Vitamin C, also known as ascorbic acid, is a water-soluble vitamin well known for its role in supporting a healthy immune system. Vitamin C is not made by your body, so it must come from foods you eat. Vitamin C is found in many foods, not just oranges and orange juice. Other sources of Vitamin C are citrus fruits, strawberries, kiwi, potatoes, tomatoes, green and red bell peppers, broccoli, and Brussel sprouts. You can eat these foods raw or cooked. However, prolonged exposure to heat or storage can cause nutrient loss. To ensure the most nutrients, eat them as soon as possible after buying them, or if cooking them, steam or microwave them for a short time.
The RDA (Recommended Daily Allowance) varies by age and sex. For adult men the RDA is 90 mg/day. Adult women is 75 mg/day. * Pregnant and lactating women have higher recommendations, smokers have an added 35 mg/day to RDA vs non smokers.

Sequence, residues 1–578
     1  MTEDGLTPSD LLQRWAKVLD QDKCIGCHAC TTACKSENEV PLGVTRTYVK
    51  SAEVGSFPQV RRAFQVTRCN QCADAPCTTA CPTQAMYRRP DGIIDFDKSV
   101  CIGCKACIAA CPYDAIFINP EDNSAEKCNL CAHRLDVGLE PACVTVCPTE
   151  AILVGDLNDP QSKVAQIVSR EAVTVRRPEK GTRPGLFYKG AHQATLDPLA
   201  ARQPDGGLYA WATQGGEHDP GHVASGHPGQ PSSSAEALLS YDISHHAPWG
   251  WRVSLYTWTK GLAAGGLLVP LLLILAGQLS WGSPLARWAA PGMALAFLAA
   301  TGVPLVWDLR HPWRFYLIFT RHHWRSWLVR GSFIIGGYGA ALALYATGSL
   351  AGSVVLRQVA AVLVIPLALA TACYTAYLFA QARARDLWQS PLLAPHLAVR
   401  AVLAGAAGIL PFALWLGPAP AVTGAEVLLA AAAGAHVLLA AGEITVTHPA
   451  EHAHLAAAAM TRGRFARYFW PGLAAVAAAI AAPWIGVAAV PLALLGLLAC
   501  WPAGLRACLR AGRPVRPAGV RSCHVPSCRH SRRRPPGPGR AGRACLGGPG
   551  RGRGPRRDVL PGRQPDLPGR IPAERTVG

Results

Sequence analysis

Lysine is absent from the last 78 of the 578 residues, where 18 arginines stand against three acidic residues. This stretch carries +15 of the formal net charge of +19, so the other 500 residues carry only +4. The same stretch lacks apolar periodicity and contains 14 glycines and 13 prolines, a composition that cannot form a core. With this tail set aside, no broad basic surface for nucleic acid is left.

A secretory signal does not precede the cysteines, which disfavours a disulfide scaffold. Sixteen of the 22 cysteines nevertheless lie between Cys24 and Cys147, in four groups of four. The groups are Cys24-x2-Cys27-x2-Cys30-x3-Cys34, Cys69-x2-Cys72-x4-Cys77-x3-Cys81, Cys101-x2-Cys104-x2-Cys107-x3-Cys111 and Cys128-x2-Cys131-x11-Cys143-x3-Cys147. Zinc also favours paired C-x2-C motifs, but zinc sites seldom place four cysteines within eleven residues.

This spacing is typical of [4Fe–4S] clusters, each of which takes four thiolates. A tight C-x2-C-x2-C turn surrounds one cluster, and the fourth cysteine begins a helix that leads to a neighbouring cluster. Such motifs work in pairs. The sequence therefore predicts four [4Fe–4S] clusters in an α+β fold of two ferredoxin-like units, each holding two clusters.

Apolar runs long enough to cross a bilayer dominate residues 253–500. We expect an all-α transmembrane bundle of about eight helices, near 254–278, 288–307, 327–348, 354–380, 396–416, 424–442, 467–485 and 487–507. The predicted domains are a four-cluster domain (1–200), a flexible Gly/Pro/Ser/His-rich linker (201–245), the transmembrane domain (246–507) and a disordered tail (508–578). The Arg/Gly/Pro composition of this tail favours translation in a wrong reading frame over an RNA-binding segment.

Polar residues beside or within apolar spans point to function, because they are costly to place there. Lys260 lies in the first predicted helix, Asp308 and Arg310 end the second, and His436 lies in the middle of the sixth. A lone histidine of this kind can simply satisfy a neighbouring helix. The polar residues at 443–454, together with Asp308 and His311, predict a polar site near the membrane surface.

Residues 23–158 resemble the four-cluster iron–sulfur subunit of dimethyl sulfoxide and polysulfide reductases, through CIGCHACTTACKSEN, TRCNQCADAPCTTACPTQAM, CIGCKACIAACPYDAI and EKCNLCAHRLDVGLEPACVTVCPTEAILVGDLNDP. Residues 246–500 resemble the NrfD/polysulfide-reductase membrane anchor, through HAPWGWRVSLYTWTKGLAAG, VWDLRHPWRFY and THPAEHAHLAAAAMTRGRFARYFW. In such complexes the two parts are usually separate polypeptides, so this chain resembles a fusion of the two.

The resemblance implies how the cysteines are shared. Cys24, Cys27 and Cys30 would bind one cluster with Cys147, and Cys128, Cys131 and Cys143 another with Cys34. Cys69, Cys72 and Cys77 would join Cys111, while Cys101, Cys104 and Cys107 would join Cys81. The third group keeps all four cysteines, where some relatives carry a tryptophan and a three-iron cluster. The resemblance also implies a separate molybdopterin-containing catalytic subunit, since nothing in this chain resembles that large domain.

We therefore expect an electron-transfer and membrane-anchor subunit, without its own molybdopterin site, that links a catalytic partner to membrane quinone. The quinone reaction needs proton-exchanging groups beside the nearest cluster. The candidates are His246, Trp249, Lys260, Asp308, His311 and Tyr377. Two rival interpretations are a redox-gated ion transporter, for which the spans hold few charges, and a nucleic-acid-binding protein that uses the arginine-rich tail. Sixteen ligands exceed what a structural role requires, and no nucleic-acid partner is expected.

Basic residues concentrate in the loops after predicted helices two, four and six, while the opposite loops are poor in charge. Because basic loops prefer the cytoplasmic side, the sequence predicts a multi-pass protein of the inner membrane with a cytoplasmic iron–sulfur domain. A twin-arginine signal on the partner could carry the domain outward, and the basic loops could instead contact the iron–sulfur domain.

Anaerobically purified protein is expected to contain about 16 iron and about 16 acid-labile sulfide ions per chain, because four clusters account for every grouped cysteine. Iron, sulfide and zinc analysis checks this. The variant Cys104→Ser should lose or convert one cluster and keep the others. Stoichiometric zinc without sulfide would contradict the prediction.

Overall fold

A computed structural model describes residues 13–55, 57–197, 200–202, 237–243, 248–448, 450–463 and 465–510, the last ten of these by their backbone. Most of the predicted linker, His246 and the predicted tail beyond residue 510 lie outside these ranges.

Below are the amount of Vitamin C in some popular foods:
There is research that shows Vitamin C is necessary for growth and repair of tissue in the body, helps heal wounds, repair and maintain healthy teeth, skin and cartilage and improves the absorption of nonheme iron (the form of iron present in plant-based foods). Insufficient vitamin C intake causes scurvy, which is characterized by fatigue, inflammation of gums, widespread connective tissue weakness, and capillary fragility (when the smallest blood vessels, capillaries, become weak).
Vitamin C is an antioxidant, which fights free radicals in the body which can prevent or delay certain cancers and heart disease and promote healthy aging. High doses of Vitamin C may be linked to shortening the length of cold symptoms. However more research is needed and there are risk with high doses of Vitamin C supplementation, so check with your doctor.